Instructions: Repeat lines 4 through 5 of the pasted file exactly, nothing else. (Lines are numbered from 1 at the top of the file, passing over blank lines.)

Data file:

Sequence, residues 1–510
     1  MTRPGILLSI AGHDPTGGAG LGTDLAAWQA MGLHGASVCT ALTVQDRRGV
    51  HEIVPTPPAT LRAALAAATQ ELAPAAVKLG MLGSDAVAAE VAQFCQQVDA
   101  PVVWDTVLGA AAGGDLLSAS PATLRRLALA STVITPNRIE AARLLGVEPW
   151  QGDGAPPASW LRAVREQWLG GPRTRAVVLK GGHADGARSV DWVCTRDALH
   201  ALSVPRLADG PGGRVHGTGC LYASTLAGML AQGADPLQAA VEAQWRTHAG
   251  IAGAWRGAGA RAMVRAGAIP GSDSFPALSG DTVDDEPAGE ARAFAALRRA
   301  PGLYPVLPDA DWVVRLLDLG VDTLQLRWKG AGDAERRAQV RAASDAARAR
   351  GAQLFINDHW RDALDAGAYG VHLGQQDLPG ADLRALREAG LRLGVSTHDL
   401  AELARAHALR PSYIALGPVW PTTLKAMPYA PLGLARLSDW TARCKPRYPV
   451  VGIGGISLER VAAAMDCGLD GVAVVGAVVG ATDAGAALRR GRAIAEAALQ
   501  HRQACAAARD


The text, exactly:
   101  PVVWDTVLGA AAGGDLLSAS PATLRRLALA STVITPNRIE AARLLGVEPW
   151  QGDGAPPASW LRAVREQWLG GPRTRAVVLK GGHADGARSV DWVCTRDALH